Flame Retardant Exposure Linked to House Dust

Dec 30, 2004

Common house dust may be an important source of a potentially dangerous class of chemicals called polybrominated diphenyl ethers (PBDEs), according to an exploratory study* by researchers at the National Institute of Standards and Technology (NIST) and the Environmental Protection Agency (EPA). Recent studies by others have found that PBDEs have been accumulating in human blood, fat tissue and breast milk.

PBDEs have been widely used in consumer products for years because they are effective flame retardants, greatly increasing the fire safety of products ranging from carpeting and cushions to televisions, computers and coffee makers. In recent years, however, concerns have grown with evidence that PBDE concentrations are increasing rapidly both in the environment and in human tissues and body fluids. Toxicological data on PBDEs is still limited, but the compounds have been implicated in developmental, reproductive, neurotoxicity and thyroid effects in rats, mice and fish, and may be carcinogenic. Researchers in Europe and the United States found concentrations of PBDEs higher in Americans than in Europeans, although it is not known if these levels affect human health.

Some studies have suggested that people accumulate PBDEs through diet (similar to polychlorinated biphyenyls or PCBs), however, diet alone does not seem to explain the high levels of PBDEs that have been measured in human breast milk and serum. According to the new NIST/EPA study, house dust and the home environment are likely candidates for other sources of exposure.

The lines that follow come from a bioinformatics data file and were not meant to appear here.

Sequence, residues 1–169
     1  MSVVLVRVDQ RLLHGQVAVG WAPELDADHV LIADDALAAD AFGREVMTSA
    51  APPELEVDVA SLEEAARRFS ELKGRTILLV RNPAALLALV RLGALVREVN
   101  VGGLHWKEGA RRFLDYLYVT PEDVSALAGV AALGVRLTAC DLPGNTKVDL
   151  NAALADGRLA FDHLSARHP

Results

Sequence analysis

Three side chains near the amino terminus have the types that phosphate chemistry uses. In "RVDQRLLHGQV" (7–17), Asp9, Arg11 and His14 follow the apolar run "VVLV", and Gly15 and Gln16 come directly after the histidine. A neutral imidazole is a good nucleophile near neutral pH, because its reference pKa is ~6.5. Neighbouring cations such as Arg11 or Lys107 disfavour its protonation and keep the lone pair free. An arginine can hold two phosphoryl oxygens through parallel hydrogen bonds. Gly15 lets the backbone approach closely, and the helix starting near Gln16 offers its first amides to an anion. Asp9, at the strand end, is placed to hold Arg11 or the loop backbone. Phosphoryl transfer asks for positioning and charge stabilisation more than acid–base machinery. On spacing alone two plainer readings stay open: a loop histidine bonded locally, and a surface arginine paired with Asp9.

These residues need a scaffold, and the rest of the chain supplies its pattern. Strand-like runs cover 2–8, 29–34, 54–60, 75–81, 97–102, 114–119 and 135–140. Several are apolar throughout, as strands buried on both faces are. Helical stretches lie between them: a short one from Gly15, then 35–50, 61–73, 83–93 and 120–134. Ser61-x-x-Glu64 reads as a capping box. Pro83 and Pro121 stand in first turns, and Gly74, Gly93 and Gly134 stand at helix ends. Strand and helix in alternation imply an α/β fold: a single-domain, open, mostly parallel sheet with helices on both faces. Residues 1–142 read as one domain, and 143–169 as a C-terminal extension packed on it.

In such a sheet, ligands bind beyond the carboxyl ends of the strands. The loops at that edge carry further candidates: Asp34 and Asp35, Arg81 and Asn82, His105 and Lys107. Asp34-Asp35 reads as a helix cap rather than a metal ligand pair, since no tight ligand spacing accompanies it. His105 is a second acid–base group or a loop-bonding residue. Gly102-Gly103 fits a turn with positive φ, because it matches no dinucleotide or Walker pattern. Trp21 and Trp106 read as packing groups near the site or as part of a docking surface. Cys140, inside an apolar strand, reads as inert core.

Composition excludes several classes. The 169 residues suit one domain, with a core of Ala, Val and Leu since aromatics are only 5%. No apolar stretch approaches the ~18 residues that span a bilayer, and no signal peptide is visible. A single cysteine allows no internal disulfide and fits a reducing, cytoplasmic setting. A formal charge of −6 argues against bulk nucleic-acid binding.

A survey of 17 homes in the Washington, D.C., and Charleston, S.C., areas found high concentrations of PBDEs in household dust, ranging from 700 to 30,100 nanograms per gram. Researchers analyzed both dust from floors and clothes dryer lint for 22 variants of commercial PBDEs and found PBDEs in every sample. Interestingly, there was little correlation between PBDE levels and the age of the dwelling or the number of foam cushions or appliances, but smaller dwellings tended towards higher concentrations of the PBDEs commonly used in high-impact polystyrene for TV and computer casings.

Although the new study is limited, say researchers, it highlights the need to study house dust as the primary source of PBDE exposure. In particular, the authors note that small children are more at risk than adults to dust exposures since they are more prone to putting dusty hands and toys in their mouths.

*H. Stapleton, N. Dodder, J. Offenberg, M. Schantz, and S.Wise. “Polybrominated Diphenyl Ethers in House Dust and Clothes Dryer Lint.” Environmental Science and Technology, published online Dec. 29, 2004.

Source: NIST

Explore further: Physicists create tool to foresee language destruction impact and thus prevent it

add to favorites email to friend print save as pdf

Related Stories

Flame retardants in blood drop after state ban

Sep 25, 2013

A class of flame retardants that has been linked to learning difficulties in children has rapidly declined in pregnant women's blood since the chemicals were banned in California a decade ago, according to a study led by ...

Study links reduced fertility to flame retardant exposure

Jan 26, 2010

Women with higher blood levels of PBDEs, a type of flame retardant commonly found in household consumer products, took longer to become pregnant compared with women who have lower PBDE levels, according to a new study by ...

Recommended for you

Affirmative action elicits bias in pro-equality Caucasians

3 hours ago

New research from Simon Fraser University's Beedie School of Business indicates that bias towards the effects of affirmative action exists in not only people opposed to it, but also in those who strongly endorse equality.

Narcissistic CEOs and financial performance

22 hours ago

Narcissism, considered by some as the "dark side of the executive personality," may actually be a good thing when it comes to certain financial measures, with companies led by narcissistic CEOs outperforming those helmed ...

Election surprises tend to erode trust in government

22 hours ago

When asked who is going to win an election, people tend to predict their own candidate will come out on top. When that doesn't happen, according to a new study from the University of Georgia, these "surprised losers" often ...

User comments : 0